If you haven’t spilt a cup of coffee, wine or water over at least one keyboard, laptop or tablet computer, you’re not a proper worker bee in the knowledge economy. At the very least, someone you know has. Logitech is hoping these mishaps will encourage people to consider the K310, the company’s new washable — yes, washable! — keyboard.
On paper, the K310 is an excellent idea. The chiclet-style keyboard means each key not only standing alone but devoid of the slightly recessed panel that encases the keys on most regular keyboards. Instead, each key floats like the typewriter keys of old. This is great when typing as it serves as additional physical feedback.
It also gives the K310 a unique look, feel and — unfortunately — sound. The K310 is distractingly loud. It’s no doubt fine if you work in an office alone, wearing headphones, but in a shared space it really does clatter like a keyboard of old.
The keys are responsive and, although it’s not an especially slim profile design, the K310 is pleasant enough to the touch. All the basics are catered for — caps lock, number lock and the (in our experience) wholly superfluous scroll lock buttons are present along with their indicator lights.
Each of the K310’s function keys has an additional function as is standard with most keyboards today. Their functions are accessed using a function button sandwiched between the Alt and Ctrl keys on the right hand-side of the spacebar.
With the K310’s best feature being its washability, it’s little surprise that the end of its USB cable comes with a rubberised cover for bath time. The rear of the device warns against scrubbing brushes, dishwashers, water hotter than 50 degrees and wash times of more than five minutes, but despite these caveats we had no problem running the K310 under running water and giving it a gentle rub with a cloth. A bit of shake and it was ready to go again.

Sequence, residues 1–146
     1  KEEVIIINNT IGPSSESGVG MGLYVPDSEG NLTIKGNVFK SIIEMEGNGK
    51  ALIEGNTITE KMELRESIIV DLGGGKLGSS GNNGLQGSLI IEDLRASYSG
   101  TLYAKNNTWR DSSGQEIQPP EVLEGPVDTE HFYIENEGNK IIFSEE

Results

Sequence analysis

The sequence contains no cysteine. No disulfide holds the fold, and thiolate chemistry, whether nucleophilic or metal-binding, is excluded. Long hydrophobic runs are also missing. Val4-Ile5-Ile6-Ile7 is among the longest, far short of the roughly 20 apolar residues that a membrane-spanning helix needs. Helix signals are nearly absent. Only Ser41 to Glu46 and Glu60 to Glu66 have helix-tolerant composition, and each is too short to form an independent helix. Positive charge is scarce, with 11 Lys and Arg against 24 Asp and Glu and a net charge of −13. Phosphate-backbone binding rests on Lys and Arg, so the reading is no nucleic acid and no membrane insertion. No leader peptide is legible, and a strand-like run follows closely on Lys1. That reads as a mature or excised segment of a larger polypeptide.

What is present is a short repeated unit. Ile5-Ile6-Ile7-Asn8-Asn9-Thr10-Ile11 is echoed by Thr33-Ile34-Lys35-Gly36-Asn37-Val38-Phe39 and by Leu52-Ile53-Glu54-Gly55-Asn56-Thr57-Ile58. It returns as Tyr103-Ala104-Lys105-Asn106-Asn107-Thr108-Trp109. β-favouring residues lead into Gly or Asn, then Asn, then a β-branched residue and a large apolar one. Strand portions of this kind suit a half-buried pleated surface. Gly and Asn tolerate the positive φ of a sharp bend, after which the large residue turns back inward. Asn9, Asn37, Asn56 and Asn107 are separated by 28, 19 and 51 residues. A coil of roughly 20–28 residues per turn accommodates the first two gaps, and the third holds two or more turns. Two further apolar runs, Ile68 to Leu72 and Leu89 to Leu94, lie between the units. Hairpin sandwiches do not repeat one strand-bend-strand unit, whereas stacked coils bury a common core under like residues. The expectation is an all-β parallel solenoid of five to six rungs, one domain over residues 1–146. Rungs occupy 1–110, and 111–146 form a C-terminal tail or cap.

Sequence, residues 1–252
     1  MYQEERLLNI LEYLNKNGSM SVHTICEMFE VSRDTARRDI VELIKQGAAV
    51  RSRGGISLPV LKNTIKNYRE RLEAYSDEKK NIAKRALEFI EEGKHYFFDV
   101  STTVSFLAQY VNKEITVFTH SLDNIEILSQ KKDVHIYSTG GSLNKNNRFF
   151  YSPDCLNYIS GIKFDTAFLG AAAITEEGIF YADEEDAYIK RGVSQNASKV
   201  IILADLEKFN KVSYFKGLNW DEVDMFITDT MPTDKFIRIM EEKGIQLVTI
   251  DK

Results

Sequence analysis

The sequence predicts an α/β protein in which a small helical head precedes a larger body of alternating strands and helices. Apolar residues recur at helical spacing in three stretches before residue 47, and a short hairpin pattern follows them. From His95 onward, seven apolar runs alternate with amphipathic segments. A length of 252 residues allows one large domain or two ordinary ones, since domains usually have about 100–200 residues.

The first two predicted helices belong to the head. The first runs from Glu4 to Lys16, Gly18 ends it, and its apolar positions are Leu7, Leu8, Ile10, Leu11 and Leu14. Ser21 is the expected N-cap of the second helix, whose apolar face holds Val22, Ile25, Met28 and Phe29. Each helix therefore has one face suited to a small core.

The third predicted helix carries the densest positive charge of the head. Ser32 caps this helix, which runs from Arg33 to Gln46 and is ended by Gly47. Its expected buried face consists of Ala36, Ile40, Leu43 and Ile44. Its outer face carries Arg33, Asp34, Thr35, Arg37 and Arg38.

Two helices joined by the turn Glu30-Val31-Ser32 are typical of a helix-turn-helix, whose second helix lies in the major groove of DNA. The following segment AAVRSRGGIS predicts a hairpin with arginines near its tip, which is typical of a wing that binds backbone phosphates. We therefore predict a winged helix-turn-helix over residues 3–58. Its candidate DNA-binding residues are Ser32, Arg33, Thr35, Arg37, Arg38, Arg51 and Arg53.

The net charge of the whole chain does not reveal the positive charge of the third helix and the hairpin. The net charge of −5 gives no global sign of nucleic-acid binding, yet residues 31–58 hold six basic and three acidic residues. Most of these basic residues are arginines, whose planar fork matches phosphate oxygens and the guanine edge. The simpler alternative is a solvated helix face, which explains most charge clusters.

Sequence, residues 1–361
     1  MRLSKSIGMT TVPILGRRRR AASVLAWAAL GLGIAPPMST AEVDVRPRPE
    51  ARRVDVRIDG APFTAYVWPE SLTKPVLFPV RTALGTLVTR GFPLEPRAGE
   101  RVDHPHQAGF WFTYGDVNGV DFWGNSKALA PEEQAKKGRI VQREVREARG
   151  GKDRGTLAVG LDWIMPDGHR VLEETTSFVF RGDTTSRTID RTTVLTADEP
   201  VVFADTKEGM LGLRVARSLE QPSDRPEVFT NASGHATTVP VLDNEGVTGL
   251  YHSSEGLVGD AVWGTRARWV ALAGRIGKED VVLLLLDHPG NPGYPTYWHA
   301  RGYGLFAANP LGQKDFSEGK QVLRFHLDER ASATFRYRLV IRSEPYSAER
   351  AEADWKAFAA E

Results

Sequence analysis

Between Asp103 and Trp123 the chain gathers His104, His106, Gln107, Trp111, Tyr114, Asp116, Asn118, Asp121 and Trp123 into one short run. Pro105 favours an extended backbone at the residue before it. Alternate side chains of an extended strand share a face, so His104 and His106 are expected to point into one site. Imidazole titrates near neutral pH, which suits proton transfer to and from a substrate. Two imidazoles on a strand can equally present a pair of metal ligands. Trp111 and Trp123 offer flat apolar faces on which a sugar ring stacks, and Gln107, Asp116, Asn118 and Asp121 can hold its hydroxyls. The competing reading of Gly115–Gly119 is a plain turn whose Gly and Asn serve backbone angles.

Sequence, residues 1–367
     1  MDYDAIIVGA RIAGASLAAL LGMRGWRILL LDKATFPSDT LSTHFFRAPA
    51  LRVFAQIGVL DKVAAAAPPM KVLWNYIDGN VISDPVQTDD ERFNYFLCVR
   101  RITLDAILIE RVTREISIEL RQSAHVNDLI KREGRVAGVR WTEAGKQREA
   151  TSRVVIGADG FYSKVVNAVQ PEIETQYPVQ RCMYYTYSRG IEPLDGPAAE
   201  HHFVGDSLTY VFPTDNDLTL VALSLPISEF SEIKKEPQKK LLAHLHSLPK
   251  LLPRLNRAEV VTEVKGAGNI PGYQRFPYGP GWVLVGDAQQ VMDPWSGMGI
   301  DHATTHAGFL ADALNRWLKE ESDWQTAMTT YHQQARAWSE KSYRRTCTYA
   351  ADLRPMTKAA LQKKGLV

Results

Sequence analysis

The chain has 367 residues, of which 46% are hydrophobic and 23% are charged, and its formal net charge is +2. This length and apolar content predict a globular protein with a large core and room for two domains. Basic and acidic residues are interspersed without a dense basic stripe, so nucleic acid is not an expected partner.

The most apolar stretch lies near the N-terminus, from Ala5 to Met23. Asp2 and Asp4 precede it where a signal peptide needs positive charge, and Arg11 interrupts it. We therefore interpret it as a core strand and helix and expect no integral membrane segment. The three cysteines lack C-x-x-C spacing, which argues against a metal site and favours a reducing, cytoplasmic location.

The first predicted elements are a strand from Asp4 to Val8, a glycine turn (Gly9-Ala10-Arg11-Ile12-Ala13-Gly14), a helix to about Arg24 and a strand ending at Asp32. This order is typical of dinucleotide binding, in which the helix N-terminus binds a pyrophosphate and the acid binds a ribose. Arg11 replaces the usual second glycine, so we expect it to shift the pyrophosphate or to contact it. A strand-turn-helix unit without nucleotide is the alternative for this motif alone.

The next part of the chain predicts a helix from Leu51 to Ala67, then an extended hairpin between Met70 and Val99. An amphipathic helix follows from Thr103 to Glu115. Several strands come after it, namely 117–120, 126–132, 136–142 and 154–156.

Beyond appealing to the accident prone, the K310 is intended for those who’ve made the mistake of reading articles like this one from the BBC that explore keyboard hygiene. Keyboards, it seems, are repositories for microscopic content from people’s noses and guts.
Keyboards, it turns out, can be dirtier than toilet seats; can allow the transfer of food-poisoning instigators like E.coli and staphylococcus aureus; and can generally make an ideal playground for all manner of germs and bacteria.
Shock tactics aside, even though the K310 appears to be as washable as the box would have us believe, it’s difficult to recommend. You see, it’s just not the best keyboard and as we’re going to spend far more time typing on it than washing it, that’s got to be a major consideration.
The sound and look of the K310 leave it feeling like a budget computer accessory and, although the ability to give it a quick scrub once in a while is appealing, at R599 it’s not enough of a feature to win us over. After all, one could buy two regular keyboards — one to use and one in case of a spill — with the same functionality, for roughly the same price. — (c) 2013 NewsCentral Media